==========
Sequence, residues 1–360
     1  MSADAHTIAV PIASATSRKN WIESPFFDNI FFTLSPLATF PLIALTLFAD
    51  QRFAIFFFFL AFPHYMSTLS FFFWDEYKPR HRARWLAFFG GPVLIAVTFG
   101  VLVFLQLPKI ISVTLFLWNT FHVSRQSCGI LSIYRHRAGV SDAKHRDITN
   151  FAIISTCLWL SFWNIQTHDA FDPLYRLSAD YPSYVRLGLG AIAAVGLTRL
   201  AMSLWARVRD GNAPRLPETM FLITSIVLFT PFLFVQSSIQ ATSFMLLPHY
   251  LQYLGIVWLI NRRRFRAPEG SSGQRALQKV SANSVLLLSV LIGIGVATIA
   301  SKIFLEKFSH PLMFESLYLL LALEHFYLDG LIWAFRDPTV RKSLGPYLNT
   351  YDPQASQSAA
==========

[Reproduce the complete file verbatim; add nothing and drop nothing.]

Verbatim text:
Sequence, residues 1–360
     1  MSADAHTIAV PIASATSRKN WIESPFFDNI FFTLSPLATF PLIALTLFAD
    51  QRFAIFFFFL AFPHYMSTLS FFFWDEYKPR HRARWLAFFG GPVLIAVTFG
   101  VLVFLQLPKI ISVTLFLWNT FHVSRQSCGI LSIYRHRAGV SDAKHRDITN
   151  FAIISTCLWL SFWNIQTHDA FDPLYRLSAD YPSYVRLGLG AIAAVGLTRL
   201  AMSLWARVRD GNAPRLPETM FLITSIVLFT PFLFVQSSIQ ATSFMLLPHY
   251  LQYLGIVWLI NRRRFRAPEG SSGQRALQKV SANSVLLLSV LIGIGVATIA
   301  SKIFLEKFSH PLMFESLYLL LALEHFYLDG LIWAFRDPTV RKSLGPYLNT
   351  YDPQASQSAA